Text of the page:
Here is a description of some of the major changes that I had to make to my initial code to get it working in all 3:
Couldn't use attributes to store arbitrary pieces of information:
In my original control I was storing the LinkCommandArgument data as an attribute of the ANCHOR like so:
Neither Opera nor Mozilla seemed to enjoy that because when I tried to reference that property like so:
// clickedItem is an object reference to the ANCHOR element and the commandArgument
// reference off of that refers to the arbitrary attribute
var args = new MenuItemClickedEventArgs( clickedItem.commandArgument ) ;
... 'undefined' was returned.Positioning logic was incorrect:
The PositionCanvass method was using posLeft and posTop to move the layers around. Opera and Mozilla didn't seem to like that so I've changed over to just using "left" and "top":
this.Canvass.style.left = this.x ;
this.Canvass.style.top = this.y ;Slight Css alteration:
The Css for mozilla had to be changed so that I could get a thin black border around the outside of ContextMenu:From
border: 1 black solid ;To
border-width: 1px 1px 1px 1px;
border-color: black black black black;
There were also some miscellaneous errors which Internet Explorer had overlooked which had to be fixed - such as an extra comma which I had inserted into the jagged data arrays.
heh... it's been a while since I did any cross-browser scripting so, today I settled in for a solid session of pedantry. Much was my surprise when I did a view-source on the first page I visited on the Mozilla site and found this comment for all to see:
You tell 'em Ben! :-)
This weekend I have to get the ContextMenu working in Opera and Mozilla browsers. This shouldn't be too hard as I've stuck close to the spec. on everything and already have a browser sniffer built in to the js code. I've already taken the precautions of separating the 4 main XBrowser fragile parts out into their own logic units:
- Layer creation
Supported Features and Specifications : http://www.opera.com/support/service/features/index.dml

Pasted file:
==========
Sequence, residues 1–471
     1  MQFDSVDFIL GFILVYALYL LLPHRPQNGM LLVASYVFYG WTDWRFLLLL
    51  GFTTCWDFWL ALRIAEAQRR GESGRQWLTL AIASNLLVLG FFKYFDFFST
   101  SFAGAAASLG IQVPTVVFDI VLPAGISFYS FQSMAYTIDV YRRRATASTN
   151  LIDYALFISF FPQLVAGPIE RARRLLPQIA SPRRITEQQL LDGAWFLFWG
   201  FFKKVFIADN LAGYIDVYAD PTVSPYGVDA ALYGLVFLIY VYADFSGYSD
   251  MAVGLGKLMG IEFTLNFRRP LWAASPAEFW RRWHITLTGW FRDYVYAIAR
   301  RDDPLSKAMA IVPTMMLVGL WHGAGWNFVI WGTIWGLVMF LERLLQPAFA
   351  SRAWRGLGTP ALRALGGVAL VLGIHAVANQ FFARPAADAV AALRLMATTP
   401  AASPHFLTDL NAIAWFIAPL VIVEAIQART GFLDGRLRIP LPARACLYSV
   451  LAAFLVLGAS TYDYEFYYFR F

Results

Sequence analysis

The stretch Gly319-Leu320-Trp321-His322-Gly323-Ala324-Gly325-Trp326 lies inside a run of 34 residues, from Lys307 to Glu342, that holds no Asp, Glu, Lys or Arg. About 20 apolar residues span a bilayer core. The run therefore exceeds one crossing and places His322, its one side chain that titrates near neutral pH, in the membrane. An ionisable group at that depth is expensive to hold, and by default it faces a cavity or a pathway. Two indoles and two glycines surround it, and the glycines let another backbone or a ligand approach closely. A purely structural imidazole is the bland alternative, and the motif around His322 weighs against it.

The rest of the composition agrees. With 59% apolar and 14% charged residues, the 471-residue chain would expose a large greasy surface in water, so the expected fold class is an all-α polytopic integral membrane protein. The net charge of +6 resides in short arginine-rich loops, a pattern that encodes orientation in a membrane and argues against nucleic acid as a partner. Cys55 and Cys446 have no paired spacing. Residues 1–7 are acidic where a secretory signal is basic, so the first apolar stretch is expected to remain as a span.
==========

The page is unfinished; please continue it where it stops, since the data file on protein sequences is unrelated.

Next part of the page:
Web specifications supported in Opera 7 : http://www.opera.com/docs/specs/ (contains a list of the DOM objects at the bottom of the page)
Scripting References : http://www.mozilla.org/docs/web-developer/#scripting
MS DHTML Reference : http://msdn.microsoft.com/library/default.asp?url=/workshop/author/dhtml/dhtml.asp
One of my favourite quotes is this:
We lie loudest when we lie to ourselves
... and I think that this quote can be readily applied when evaluating one's own career. An ambiguous statement perhaps but, let me attempt to drill in a little. I'm basically a guy who is motivated by food and shelter so, for me at least, there's 2 factors that I try to focus on when I think about my career:
- What skills will I need to be doing the job that I'd like to be doing 7 years from now
- What positives am I getting out of my current job which will help me attain item #1
Now, if I'm being honest - truly honest that is - with myself, I must accept that, logically, to answer point #2 I must have already answered point #1.
When answering point #1 I try to place skills into fairly high-level baskets like:
- Managing staff
- Managing resources
- Manging budgets
- Managing projects
- Designing frameworks and architecture
- Lower level coding
So, in my own case I already know that, there are certain things that I need to be learning today which will help me to get to where I want to be tomorrow. I know that I need exposure to managing things; I need exposure to different kinds of and different styles of architecture; and I also need exposure to solving some moderately hard problems. Now that I know more about what I need, I can start to look at how to go about getting it.
In my case, I believe that I should be getting 60+% of this goodness from my current job. That is, for me to be happy, my job will need to fulfill at least 60% of the things that I need to be doing today to get to where I want to go - otherwise, I'll just have to work too hard.
What if I feel that I'm getting < 60%?
If I'm getting < 60% then, I have to ask myself this... am I making the most of my opportunities to exert my skills and influence here? If the answer is "no" then I'd need to do a whole lot of planning around how to map my existing talents to the needs of my employer. If the answer is "yes" then, my entire focus would be on getting my CV in the best possible position to sell myself to my new employer :-)
But, when doing the math, make sure you remember the quote:
We lie loudest when we lie to ourselves